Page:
Can You Trust China’s GDP Numbers?

Data manipulator

Today, China did not surprise the world with its GDP number and Asian markets rejoiced for a 6.8% reading. Today was a pretty good rebound for Commonwealth Bank of Australia [ASX:CBA] stock. I haven’t been running CBA in my trading portfolio for a while now. It is because the bank’s stock went into a down trend in 2015.

Since the third quarter of 2015, CBA has actually done quite well. It has recovered some lost-grounds from 2015 and it has weathered the current market ‘storm’ reasonably well.

But let’s talk about China, since that was the ‘bomb’ for the day. China’s GDP was released at 1pm Sydney time today. The market was very nervous before its release and was bracing for a worse-than-expected number from the second largest economy.

My data release calendar beeped at 1pm and there it was, right on consensus — 6.8%.

I already wrote about China’s GDP number in my weekly update to New Frontier Investors. Here is what I said:

‘A clear bottom in China will at some point surprise the market. It will act as a key to unlock the coming rebound. We will get the GDP number this week. It will likely be under 7% but close, as Premier LI already indicated on Saturday.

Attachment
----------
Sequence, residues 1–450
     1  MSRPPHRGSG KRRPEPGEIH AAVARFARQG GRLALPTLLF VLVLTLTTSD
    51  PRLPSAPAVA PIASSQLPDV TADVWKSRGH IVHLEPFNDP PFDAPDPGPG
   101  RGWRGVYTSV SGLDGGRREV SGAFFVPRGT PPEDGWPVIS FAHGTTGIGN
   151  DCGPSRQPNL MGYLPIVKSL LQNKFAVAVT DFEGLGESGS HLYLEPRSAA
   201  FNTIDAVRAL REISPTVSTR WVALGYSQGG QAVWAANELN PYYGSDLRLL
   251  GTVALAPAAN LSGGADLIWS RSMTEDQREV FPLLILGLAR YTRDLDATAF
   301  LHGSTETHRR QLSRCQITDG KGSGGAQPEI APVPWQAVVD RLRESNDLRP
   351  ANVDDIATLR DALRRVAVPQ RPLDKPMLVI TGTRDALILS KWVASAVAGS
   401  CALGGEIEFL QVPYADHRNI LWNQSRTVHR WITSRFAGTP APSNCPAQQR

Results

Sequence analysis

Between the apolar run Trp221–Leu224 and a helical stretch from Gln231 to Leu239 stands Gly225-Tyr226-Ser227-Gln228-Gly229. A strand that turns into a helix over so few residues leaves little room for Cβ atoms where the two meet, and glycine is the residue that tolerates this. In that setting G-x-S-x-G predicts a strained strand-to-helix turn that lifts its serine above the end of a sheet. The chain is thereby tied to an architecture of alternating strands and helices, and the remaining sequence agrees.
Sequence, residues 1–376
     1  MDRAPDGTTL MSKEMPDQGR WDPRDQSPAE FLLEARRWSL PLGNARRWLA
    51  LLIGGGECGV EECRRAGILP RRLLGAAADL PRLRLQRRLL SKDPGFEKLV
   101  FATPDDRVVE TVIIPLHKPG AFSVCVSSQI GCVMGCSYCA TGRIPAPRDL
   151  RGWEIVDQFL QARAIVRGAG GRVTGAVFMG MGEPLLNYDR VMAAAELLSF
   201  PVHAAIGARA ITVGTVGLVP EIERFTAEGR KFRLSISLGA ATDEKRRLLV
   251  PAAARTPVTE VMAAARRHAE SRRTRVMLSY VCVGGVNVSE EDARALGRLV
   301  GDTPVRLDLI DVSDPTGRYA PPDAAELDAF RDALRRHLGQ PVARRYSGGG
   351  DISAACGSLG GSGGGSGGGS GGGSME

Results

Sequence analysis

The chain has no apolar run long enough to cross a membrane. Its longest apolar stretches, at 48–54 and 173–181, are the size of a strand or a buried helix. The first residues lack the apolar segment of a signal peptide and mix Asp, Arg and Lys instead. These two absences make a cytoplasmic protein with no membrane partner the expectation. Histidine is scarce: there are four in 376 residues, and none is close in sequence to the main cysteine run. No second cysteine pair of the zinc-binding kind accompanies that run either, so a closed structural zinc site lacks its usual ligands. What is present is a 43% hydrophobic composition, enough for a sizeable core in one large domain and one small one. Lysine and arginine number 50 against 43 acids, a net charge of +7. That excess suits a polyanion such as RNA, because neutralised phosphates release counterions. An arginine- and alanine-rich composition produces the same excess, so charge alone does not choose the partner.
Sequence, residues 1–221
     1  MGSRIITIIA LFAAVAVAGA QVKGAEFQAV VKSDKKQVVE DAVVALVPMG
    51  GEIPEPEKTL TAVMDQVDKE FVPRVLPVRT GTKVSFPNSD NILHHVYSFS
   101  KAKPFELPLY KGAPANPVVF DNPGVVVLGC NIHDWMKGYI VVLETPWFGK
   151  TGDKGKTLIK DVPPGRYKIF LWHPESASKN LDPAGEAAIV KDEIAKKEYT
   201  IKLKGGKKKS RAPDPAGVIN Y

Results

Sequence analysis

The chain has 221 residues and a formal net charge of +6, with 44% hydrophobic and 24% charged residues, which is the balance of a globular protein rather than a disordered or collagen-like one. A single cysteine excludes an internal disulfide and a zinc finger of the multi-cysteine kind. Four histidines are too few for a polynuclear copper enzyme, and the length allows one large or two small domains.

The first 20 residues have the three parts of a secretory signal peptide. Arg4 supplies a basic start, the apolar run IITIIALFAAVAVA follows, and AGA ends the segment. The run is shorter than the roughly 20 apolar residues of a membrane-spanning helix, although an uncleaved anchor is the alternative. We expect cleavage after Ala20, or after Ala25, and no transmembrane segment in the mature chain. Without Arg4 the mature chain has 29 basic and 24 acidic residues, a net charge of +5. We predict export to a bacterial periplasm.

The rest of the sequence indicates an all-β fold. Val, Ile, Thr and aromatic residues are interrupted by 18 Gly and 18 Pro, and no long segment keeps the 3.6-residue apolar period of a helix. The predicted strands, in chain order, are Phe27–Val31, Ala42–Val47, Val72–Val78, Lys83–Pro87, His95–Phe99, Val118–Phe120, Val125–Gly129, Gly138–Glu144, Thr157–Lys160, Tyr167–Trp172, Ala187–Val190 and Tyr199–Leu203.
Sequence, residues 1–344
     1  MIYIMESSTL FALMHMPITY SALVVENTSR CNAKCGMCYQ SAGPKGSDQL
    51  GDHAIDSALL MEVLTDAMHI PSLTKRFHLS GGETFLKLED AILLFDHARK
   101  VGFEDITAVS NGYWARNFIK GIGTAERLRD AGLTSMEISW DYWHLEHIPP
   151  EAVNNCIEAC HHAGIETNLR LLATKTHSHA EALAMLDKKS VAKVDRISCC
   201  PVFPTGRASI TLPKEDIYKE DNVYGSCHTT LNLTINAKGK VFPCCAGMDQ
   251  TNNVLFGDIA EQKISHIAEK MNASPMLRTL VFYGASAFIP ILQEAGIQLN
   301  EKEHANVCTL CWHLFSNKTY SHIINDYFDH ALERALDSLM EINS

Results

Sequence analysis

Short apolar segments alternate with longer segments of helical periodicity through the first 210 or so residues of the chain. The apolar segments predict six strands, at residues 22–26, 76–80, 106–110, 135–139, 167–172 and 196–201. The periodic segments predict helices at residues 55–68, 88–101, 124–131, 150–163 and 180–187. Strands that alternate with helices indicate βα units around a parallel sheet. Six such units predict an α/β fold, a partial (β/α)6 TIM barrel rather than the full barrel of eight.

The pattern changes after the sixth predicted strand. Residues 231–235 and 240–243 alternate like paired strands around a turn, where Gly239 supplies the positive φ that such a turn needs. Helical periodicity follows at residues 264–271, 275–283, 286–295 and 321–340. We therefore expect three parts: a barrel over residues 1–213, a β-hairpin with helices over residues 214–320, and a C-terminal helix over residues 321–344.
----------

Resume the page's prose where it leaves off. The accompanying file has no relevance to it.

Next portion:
‘I am pretty sure he has already seen the actual GDP number before release. And don’t forget, this will be the fourth quarter number for 2015, which means it will be a delayed number. Its usefulness is limited, but its ability to spook the markets will be huge.’

The take-away from my writing is that Li had already seen the number before its release. I was speculating on this point when I wrote it, but from my knowledge of how China works, that should have been the case.

The statistical agency is not going to contradict the Premier in a communist country. Or in this case, it was Li who already found out about the number and gave some forward-guidance on it prior to the number’s actual release.

Now, China’s numbers are widely-known for their inaccuracy and are suspect of being ‘manipulated’ by the statistical agency/government. For example, many analysts suspect that China’s statistical agency makes the numbers up to make things look good.

Is that possible? Is China a data manipulator?

Let’s just say I wouldn’t be surprised if they are. However, there are many degrees of manipulation and many forms of manipulation. I wouldn’t call China’s situation ‘manipulation’ in an overly-negative sense. I would call it a ‘moderate margin of error’.

But remember this, China’s statistical agency can’t change the data too much. It may smooth it somewhat, but the trend is what investors need to pay attention to. And the trend is saying China is slowing.

But we already know that, don’t we? China will continue to slow for years to come, because it is maturing as an economy.

Ken Wangdong

Emerging Market Analyst, New Frontier Investor

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